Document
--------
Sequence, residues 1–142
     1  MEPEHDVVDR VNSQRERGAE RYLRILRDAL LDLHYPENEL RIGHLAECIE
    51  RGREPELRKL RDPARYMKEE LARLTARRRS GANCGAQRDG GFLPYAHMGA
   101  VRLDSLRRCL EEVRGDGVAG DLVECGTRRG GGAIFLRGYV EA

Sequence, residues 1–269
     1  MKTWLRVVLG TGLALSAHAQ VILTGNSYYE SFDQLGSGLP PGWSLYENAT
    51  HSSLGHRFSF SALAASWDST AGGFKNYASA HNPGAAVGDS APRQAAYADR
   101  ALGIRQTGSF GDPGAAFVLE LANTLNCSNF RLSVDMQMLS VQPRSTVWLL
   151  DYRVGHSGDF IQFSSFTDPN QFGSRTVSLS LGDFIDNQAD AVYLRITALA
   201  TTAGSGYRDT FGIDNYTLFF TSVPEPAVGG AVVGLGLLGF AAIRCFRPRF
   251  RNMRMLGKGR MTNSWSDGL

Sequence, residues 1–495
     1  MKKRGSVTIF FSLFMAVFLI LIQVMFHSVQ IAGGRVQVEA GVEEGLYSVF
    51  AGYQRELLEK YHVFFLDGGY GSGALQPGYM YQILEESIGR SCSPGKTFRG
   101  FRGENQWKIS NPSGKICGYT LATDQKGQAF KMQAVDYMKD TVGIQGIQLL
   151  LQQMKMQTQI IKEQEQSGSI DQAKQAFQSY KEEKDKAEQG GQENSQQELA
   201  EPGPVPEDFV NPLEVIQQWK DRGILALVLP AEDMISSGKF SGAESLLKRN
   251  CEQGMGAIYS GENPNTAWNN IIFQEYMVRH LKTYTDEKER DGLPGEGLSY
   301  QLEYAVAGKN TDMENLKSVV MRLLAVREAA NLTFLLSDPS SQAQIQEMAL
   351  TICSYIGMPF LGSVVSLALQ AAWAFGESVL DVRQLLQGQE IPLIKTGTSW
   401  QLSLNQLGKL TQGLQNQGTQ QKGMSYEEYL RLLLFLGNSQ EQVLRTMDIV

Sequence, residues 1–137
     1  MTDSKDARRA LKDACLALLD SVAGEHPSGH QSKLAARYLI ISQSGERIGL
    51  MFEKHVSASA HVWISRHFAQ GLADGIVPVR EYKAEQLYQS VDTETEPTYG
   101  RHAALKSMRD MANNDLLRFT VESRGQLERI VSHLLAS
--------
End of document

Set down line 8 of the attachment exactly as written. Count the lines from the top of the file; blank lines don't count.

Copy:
   101  ALGIRQTGSF GDPGAAFVLE LANTLNCSNF RLSVDMQMLS VQPRSTVWLL